Otherwise, if you product isn’t designed for them, you end up with an increased amount of calls to your support, causing you to hire more people to support the demand for help.
Increases Your Sales
Increased Customer Retention
People tend to flock back to products they find designed to their liking and are able to complete their desired tasks with ease.
Don’t believe me? Take a look at the battle between the Apple iPod and Microsoft Zune. While both were virtually the same product, Apple’s sleek and native interface (as well as the iPod’spartner in crime, iTunes) managed to resonate better with users then the Zune did.
And if you’re looking for numbers, 14.4% more customers are willing to purchase another product if your software doesn’t meet their expectations. But if you do manage to please your users, 16.6% of those who become customers are likely to recommend your product. (Forester)
By providing your users with a unique and memorable experience, you begin to build a relationship with them and will eventually nurture them into becoming brand advocates.
But many of us already try to increase conversions via A/B tests, yet we unfortunately tend to find ourselves at an impasse when we are just merely guessing what we think is going to work.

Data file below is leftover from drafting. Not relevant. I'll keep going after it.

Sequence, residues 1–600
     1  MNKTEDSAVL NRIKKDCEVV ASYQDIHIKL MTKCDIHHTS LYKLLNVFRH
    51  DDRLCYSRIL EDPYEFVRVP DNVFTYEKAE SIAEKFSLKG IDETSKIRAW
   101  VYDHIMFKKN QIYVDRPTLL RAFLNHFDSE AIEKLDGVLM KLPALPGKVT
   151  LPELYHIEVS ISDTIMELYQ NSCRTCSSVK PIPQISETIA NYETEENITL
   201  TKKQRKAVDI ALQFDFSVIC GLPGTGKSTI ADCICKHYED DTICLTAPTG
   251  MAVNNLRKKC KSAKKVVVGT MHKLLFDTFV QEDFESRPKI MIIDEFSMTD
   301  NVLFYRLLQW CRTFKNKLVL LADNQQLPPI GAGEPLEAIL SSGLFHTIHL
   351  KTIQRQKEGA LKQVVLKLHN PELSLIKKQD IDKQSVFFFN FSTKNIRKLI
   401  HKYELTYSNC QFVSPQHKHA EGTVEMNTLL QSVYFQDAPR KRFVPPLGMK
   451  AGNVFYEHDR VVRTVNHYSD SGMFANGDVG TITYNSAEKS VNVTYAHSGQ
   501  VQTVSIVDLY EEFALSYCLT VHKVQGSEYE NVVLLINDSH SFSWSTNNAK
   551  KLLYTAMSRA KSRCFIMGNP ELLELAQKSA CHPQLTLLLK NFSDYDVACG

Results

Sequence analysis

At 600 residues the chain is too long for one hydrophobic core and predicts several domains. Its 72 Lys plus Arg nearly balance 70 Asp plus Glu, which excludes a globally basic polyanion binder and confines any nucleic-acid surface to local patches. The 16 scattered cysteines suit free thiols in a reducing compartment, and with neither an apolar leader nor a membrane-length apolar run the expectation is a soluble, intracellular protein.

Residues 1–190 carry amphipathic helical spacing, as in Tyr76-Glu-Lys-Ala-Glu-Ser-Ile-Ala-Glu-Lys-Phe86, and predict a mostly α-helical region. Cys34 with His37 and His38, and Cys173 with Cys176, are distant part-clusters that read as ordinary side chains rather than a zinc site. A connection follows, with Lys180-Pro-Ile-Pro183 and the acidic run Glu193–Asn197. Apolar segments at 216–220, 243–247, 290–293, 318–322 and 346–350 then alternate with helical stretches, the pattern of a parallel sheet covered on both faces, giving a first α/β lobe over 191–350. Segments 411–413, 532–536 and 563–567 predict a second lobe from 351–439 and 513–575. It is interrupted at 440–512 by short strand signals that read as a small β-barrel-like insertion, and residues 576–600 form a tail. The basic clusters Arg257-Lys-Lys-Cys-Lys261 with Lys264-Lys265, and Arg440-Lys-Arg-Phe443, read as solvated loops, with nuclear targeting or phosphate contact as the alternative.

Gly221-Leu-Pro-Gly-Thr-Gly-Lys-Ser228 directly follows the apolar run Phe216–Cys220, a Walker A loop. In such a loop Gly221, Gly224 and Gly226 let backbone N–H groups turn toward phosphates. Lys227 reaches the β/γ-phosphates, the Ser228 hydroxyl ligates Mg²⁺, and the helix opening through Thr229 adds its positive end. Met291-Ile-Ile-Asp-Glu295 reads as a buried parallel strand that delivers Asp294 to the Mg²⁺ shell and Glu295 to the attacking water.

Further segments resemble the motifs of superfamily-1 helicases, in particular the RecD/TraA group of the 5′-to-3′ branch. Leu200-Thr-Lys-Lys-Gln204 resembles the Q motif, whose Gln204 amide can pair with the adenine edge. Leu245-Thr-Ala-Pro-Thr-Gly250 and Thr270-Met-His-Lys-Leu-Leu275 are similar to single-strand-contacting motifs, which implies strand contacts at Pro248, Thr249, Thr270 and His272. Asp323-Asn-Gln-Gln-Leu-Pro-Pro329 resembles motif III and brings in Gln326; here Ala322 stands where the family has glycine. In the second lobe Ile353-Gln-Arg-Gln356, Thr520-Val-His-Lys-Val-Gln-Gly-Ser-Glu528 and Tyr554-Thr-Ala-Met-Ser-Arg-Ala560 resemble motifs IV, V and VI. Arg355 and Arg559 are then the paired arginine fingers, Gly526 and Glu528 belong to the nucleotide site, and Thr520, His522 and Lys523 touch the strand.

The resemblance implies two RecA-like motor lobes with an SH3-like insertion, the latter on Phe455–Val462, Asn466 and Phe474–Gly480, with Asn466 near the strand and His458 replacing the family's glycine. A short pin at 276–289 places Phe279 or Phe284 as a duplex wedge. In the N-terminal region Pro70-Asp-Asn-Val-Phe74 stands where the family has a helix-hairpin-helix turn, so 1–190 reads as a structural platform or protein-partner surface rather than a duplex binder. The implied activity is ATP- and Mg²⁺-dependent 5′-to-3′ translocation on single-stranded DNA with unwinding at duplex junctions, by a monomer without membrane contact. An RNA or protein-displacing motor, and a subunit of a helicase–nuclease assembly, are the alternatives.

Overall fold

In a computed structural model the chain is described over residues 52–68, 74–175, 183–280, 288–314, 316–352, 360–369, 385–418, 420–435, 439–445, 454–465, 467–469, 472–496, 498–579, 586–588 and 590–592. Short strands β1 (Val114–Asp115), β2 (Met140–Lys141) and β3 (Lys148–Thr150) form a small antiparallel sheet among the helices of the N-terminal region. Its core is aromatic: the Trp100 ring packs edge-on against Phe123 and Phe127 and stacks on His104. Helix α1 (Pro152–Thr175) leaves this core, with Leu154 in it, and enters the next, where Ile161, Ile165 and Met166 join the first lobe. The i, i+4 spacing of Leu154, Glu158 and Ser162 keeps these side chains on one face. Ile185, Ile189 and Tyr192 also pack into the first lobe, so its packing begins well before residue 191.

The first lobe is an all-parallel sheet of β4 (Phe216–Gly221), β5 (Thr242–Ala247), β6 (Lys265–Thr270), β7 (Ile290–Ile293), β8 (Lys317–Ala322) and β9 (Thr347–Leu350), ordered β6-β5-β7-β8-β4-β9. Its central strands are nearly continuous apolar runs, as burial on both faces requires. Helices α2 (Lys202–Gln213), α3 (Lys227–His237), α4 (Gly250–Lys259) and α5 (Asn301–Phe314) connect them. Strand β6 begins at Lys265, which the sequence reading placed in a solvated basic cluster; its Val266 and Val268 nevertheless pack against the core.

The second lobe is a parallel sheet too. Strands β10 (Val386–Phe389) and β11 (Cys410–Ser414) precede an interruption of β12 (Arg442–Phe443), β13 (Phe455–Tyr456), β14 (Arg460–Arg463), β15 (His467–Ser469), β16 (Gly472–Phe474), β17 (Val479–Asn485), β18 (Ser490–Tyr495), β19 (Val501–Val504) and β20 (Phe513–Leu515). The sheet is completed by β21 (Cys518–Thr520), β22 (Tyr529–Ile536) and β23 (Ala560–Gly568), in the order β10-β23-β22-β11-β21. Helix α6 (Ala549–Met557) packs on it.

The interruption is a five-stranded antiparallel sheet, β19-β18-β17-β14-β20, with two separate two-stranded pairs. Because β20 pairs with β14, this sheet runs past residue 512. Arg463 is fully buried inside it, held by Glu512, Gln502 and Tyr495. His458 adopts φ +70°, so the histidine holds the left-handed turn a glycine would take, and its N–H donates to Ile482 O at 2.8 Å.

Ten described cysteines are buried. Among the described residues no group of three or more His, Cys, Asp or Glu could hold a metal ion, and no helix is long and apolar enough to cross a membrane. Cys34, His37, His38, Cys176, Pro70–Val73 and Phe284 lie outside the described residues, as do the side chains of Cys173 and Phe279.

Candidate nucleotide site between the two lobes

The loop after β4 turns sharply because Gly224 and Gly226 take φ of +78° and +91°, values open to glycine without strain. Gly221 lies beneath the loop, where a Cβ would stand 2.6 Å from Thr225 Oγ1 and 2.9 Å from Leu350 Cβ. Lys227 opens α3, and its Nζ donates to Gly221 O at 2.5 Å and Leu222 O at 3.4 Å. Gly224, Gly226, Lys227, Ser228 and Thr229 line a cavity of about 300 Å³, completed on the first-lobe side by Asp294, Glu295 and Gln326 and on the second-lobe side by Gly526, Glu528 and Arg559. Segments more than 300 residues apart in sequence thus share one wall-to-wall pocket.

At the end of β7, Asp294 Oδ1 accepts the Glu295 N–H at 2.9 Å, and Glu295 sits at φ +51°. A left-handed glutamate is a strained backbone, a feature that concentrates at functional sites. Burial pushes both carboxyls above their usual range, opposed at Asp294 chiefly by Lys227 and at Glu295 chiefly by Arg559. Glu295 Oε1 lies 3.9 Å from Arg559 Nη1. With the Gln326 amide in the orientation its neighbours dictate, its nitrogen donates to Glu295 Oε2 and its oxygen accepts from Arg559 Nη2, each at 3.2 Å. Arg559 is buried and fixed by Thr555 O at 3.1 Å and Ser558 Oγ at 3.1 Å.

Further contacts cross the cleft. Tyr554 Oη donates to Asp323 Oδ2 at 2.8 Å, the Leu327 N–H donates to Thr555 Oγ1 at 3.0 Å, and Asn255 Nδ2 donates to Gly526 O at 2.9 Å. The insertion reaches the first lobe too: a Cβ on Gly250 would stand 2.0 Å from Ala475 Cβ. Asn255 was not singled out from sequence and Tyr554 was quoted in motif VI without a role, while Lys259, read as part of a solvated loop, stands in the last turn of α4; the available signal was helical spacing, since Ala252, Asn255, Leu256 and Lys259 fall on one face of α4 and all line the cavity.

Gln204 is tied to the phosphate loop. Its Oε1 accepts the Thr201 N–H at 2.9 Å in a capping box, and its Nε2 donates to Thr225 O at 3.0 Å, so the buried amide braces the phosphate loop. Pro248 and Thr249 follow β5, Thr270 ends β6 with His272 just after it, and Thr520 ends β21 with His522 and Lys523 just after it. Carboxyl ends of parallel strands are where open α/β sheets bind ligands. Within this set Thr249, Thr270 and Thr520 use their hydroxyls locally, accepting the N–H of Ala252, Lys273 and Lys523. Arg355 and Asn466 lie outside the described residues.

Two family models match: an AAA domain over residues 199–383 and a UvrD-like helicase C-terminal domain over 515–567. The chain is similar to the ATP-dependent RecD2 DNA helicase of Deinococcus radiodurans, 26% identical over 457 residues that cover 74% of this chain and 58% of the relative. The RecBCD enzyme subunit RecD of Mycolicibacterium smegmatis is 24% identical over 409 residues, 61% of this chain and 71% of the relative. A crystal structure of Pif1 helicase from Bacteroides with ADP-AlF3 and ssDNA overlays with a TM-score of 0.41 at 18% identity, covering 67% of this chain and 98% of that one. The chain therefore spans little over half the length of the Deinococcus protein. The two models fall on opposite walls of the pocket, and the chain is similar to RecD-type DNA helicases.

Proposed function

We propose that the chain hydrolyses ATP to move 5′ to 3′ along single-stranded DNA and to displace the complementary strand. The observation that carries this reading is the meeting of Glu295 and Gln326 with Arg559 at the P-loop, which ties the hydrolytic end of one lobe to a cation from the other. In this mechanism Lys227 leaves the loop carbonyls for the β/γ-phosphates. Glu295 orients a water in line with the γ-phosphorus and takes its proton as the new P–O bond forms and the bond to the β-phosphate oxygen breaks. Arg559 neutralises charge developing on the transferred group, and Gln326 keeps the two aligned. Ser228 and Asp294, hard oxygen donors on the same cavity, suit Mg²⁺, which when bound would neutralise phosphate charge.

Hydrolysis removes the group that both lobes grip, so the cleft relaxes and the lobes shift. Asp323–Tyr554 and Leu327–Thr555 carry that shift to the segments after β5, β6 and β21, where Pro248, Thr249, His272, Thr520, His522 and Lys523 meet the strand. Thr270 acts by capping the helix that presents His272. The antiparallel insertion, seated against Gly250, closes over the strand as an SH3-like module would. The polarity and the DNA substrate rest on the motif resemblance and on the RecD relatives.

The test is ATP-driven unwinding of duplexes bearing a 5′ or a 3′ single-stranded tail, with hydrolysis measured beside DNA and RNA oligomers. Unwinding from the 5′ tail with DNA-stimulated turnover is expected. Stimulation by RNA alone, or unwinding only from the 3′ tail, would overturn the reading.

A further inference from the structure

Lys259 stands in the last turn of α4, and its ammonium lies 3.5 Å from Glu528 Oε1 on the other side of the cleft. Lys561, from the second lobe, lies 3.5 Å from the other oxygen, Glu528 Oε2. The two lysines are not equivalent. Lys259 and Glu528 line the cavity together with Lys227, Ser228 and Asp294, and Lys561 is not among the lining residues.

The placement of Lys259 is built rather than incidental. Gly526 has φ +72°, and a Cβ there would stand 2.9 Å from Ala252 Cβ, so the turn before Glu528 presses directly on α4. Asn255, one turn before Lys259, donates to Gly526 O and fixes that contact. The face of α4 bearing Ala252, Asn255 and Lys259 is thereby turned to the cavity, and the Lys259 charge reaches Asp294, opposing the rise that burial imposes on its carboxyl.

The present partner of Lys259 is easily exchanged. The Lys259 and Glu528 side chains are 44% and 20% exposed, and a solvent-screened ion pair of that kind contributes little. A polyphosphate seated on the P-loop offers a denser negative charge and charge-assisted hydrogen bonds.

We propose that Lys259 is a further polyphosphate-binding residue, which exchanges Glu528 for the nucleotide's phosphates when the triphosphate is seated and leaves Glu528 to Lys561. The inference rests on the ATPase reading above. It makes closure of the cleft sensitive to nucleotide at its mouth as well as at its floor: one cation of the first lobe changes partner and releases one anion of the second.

This is where early research can be used to understand how users behave on your website; how are they trying to complete certain tasks? Where are they hitting friction? What colors and styles are helping them complete their journey?
These questions especially come into light when asked how users perform when traveling down the websites sales funnel.
If you manage to optimize for the sales funnel, the ultimate result is an increase in sales allowing you to measure the value of how user experience contributes to additional profits.
Elements to Test
The best way to drive the importance of UX to your business stakeholders or client is to start talking numbers as these allow you to compare before-and-after results against your own internal products or your competitors’ performance.
While we have already touched base on where some of the numbers could come from, there are also some more in depth equations you can use to calculate where your loses/gains are coming from depending on how your UX is optimized.
The best overall way to calculate ROI for UX is to first decide your key indicator’s, estimate the lost opportunities you have due to poor UX, estimate the cost to fix it and/or the cost to do it right, then do the math.
An example of the equation might look something like this: (# of Error) x (Avg. Repair Time) x (Employee Cost) x (# of Employees) = Cost
Equations such as these can be used to calculateaverage order value or net value per visitor, support costs, and savings of users time.
For a more in depth look at creating equations for factors like these, try checking out this UXmatters article on discovering the proper metrics and how they should be calculated.